Football is clearly not a democracy, the market leaders are mostly free market advocates with little concern for the little man or indeed their immediate rivals. Survival of the fittest – or richest – is the name of the game, even though football’s breadth and depth, the combination of the big and small, the rich and the poor, is what makes it such a commercial and social attraction. As Crouch said: “The introduction of a new independent regulator of football will strengthen our incredible pyramid, giving investors, fans and communities confidence in the governance of our clubs, enabling them to thrive.”

UEFA and FIFA don’t really help or drive any attempt to “level up” the landscape. UEFA, for example, in paying out € 22 billion in recent years, gave 34% of the money to 12 clubs and a total of € 11 billion was awarded to just 24. Just to be clear, there are around 1,500 clubs that do not qualify for European competition. Little wonder that the underlying feeling among football people is that little clubs are getting smaller and the big entities are just growing more powerful by the year. There is a huge swathe of clubs, more than 90% of Europe, that are not enjoying the full benefits of inclusion.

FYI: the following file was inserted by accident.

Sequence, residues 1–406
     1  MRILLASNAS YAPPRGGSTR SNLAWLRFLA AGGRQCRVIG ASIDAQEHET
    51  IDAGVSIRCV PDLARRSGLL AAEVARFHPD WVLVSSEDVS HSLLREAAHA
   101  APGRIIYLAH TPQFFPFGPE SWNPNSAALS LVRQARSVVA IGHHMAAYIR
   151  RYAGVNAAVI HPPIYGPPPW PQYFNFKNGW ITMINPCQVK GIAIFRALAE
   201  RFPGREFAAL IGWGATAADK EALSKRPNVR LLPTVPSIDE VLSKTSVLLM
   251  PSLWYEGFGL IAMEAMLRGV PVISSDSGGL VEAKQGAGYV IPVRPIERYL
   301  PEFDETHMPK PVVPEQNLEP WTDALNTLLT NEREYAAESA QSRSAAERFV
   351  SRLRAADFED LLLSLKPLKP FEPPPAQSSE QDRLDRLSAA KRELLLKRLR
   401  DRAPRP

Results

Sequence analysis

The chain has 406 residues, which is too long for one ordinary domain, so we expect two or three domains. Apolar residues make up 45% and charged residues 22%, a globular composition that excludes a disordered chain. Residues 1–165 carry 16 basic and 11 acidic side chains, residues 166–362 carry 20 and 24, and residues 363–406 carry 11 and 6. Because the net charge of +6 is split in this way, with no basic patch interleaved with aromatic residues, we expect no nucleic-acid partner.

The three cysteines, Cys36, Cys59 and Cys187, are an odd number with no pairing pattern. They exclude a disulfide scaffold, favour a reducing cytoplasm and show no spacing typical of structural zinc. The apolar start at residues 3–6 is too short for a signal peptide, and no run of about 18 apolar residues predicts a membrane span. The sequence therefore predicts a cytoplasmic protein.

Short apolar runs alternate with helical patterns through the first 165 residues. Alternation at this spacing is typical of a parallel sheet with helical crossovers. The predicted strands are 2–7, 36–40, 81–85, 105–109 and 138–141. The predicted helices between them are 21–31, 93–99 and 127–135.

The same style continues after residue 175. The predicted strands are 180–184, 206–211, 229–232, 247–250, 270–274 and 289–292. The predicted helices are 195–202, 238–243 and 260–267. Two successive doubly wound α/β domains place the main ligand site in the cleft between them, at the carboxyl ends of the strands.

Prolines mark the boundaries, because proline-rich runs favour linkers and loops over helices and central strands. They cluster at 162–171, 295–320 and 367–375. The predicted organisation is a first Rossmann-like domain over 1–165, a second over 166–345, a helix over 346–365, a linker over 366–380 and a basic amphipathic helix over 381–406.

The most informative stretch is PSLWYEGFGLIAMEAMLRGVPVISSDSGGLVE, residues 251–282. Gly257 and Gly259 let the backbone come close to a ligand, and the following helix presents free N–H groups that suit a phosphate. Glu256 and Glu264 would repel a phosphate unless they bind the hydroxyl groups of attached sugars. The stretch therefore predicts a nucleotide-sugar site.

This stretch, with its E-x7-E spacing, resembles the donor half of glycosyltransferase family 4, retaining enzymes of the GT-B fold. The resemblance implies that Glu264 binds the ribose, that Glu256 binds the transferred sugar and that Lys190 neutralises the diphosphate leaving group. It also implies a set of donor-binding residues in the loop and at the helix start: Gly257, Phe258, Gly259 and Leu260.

The founder of the UEC, Dennis Gudasic, the executive director of Lokomotiva Zagreb, commented at the launch: “It is crucial that small and medium-sized clubs gain a voice. Over the past decades football has become increasingly a game of the elite, this trend needs to be reversed or the beautiful game will suffer irreparable harm.”